In an act which tiger experts termed as ‘capital punishment without a fair trial’, the Rajasthan forest authorities on Saturday sent the Ranthambore tiger T-24 to Sajjangarh Biological Park in the outskirts of Udaipur, around 400 km away from his territory.
The move prompted a protest rally by tiger lovers and experts, who called it a black day in the history of wildlife, in Jaipur on Saturday evening.
The move is a U-turn from stand maintained by the government till Friday, when Minister of State for Forests Raj Kumar Rinwa said T-24 would not be shifted to a zoo or park till a committee of experts submitted a report on the matter. Rinwa had told MAIL TODAY that the committee would be set up after Chief Minister Vasundhara Raje, who was in New Delhi, returned to the state.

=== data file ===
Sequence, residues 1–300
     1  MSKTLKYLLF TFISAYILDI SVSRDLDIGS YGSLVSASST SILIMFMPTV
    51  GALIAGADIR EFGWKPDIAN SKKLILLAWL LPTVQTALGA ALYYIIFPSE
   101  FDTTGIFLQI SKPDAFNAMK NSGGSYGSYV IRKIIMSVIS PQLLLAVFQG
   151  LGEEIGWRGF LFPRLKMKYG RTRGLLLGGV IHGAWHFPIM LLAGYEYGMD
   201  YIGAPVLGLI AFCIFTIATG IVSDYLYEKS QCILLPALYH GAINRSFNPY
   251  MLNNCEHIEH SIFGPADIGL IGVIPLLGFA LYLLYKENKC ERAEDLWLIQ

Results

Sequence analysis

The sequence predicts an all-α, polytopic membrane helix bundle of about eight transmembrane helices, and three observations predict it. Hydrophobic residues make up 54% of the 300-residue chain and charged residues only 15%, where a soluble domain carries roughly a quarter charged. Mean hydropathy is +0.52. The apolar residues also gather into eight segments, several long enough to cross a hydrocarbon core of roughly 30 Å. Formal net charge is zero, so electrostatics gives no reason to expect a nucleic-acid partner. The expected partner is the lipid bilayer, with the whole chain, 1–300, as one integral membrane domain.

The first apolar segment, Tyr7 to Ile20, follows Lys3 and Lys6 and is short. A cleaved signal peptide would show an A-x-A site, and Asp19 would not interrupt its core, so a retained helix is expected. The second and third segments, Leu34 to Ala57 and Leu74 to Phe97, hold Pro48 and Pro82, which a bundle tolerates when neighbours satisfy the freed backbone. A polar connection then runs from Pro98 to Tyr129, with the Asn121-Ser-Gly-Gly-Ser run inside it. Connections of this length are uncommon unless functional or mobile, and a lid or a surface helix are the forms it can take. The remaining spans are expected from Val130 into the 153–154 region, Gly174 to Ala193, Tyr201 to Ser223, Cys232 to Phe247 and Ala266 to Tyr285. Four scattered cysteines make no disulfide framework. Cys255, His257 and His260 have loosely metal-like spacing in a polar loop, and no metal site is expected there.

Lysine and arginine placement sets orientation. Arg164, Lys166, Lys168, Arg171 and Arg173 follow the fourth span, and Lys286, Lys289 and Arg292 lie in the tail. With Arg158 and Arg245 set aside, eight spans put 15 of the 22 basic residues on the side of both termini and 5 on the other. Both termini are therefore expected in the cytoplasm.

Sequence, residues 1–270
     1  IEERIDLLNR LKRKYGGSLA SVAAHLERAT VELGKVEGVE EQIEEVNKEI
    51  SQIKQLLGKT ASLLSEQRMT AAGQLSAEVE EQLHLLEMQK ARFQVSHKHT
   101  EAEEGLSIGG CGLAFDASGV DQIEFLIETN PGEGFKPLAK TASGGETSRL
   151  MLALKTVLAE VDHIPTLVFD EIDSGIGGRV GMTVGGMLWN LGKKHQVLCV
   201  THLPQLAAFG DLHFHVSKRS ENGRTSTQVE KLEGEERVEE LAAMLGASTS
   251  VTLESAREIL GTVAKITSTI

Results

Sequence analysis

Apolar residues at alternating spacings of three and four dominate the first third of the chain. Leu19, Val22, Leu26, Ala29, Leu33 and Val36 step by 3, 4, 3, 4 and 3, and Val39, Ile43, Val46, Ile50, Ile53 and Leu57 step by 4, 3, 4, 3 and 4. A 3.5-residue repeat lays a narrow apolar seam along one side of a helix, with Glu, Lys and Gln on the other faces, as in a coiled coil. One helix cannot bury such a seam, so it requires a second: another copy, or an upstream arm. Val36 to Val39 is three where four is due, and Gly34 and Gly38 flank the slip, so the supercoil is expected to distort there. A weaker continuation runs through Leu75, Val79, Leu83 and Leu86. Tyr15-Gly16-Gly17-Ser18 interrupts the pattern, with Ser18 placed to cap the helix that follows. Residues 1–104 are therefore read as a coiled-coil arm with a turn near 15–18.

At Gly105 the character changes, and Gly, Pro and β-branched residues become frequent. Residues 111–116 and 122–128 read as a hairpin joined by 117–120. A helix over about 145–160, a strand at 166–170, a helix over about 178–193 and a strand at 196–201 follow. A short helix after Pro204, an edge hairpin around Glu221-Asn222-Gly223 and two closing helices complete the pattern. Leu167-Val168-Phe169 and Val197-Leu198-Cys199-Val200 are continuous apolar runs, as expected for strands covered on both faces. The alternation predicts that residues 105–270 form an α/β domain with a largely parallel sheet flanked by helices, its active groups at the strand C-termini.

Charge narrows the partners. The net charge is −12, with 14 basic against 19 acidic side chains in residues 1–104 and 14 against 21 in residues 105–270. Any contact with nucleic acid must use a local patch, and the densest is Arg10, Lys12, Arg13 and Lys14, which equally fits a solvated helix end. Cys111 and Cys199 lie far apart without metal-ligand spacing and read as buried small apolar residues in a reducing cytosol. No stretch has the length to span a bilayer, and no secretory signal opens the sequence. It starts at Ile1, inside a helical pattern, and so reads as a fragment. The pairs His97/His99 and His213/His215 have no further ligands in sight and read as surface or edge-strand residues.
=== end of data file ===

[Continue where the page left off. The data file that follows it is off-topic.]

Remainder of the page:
However, Rinwa was not taken into confidence before shifting T-24, also known as Ustaad. The minister did not take telephone calls on Saturday.
Ustaad was shifted to Sajjangarh by road after being tranquilised. Ranthambore Tiger Reserve’s field director Y.K. Sahu told the media that the wild cat was shifted on the basis of a report suggesting the same.
However, tiger expert Dhirendra Godha called the report as “bogus” as it was prepared by reserve’s officers under pressure from the tourism lobby.
Rajasthan’s former principal chief conservator of forests R.N. Mehrotra alleged that Ustaad would be kept in a cage in Sajjangarh without following the standard operating procedure as suggested by the National Tiger Conservation Authority (NTCA).
“The park was made out of a zoo during my tenure,” Mehrotra recalled. According to the NTCA, a big cat could be shifted to a zoo only after a detailed inquiry by a committee of well-known experts, as Rinwa had suggested. “No such detailed inquiry was conducted,” Mehrotra asserted.
T-24’s fate was uncertain after it killed forest guard Rampal Saini on May 8.